The money quote:
ProQuest Information and Learning and Allen County Public Library (Ft. Wayne, IN) add another milestone in their longstanding alliance with the release of a significant amount of new data in the Periodical Source Index (PERSI). With this update, PERSI now contains nearly 2 million citations from over 6,500 periodicals published in the United States, Canada, and abroad. The new release includes indexing for over 235,000 articles from 2004 and 2005. No other index covers periodical research in local history and genealogy as extensively as PERSI.
PERSI can be accessed at HeritageQuestOnline (through a subscribing library card) or at Ancestry.com. You can order copies of articles from the Allen County Public Library in Fort Wayne, Indiana.
I have used PERSI on occasion, and have found it helpful in finding periodical articles, especially concerning localities. There are many genealogy gems in these articles but they are very difficult to mine. Usually, you have to find an index for a specific periodical, or browse the periodical shelves at a genealogy library to find the gems. Some societies, such as New England HistGen Society, have indexed their periodical pages and made the images available, usually behind a membership firewall.
In order to make PERSI more useful to genealogists, there needs to be an every name index and images of the articles. This seems to me to be a very worthwhile project for companies like ProQuest or Ancestry. I think it would be a quantum leap in useful online genealogy data.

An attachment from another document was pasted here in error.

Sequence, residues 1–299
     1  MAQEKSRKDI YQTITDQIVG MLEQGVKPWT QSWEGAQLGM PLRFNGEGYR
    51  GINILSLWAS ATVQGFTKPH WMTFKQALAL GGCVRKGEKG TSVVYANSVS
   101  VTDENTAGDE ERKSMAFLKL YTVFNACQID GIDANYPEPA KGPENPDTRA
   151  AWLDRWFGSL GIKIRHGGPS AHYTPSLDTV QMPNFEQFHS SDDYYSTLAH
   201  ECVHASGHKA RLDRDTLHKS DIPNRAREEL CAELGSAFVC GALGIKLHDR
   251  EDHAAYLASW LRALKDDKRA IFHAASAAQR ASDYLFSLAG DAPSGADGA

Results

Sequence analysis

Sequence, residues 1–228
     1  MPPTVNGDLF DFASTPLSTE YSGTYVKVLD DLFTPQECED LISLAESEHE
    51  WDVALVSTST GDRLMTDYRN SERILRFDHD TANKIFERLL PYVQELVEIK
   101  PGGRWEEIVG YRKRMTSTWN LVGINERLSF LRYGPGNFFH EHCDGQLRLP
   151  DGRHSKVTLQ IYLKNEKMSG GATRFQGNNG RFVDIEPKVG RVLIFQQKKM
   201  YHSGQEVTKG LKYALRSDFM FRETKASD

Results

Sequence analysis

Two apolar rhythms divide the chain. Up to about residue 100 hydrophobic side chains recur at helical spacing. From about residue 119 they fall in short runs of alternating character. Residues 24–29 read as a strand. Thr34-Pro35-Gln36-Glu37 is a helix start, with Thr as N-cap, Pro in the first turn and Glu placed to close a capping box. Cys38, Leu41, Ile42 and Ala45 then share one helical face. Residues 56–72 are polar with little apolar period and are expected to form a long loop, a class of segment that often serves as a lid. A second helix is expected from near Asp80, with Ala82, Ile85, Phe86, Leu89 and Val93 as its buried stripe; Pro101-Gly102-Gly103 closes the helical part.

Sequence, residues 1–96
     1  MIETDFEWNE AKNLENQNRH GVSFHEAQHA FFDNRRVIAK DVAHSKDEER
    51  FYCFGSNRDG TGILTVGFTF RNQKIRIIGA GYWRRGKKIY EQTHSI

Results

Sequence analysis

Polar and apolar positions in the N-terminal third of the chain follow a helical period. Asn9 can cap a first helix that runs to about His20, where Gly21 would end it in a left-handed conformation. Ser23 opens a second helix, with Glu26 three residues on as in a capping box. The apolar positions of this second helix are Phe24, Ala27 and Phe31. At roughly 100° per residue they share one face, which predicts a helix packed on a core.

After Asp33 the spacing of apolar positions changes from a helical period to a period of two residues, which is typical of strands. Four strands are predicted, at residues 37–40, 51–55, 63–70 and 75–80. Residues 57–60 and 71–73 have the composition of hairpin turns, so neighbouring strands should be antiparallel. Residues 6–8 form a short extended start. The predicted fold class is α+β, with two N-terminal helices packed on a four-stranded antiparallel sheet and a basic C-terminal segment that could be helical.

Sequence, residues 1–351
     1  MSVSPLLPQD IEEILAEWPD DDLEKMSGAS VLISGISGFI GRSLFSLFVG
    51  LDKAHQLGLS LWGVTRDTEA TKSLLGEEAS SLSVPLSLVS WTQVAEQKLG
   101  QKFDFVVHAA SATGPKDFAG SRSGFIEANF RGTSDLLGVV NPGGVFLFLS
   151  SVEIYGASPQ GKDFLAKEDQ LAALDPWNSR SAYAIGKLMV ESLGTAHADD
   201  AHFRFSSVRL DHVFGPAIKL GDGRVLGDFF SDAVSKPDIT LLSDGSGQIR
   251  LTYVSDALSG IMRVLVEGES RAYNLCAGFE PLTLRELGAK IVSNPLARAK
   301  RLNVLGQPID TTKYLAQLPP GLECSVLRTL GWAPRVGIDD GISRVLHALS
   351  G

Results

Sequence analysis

Heck, they've completed the census records - they must need new challenges! Are they listening?
UPDATE (9/29, 3:55 PM): It was pointed out to me that there might be copyright infringement issues for all post-1922 periodical issues and articles that would prevent digitizing of the periodicals in the PERSI collection. That makes the "worthwhile project" impossible to tackle. I was wishing and hoping...
An indexing project by the different societies or publishers, or by a subscription site, might be possible. Some journals, like the NEHG Register, already have published indexes, and I know there are quite a few others with published indexes.
My opinion is that the real "hidden gems" that many people strive to find are hiding in small circulation newsletters and journals in the Allen County library. A trip there might be in order.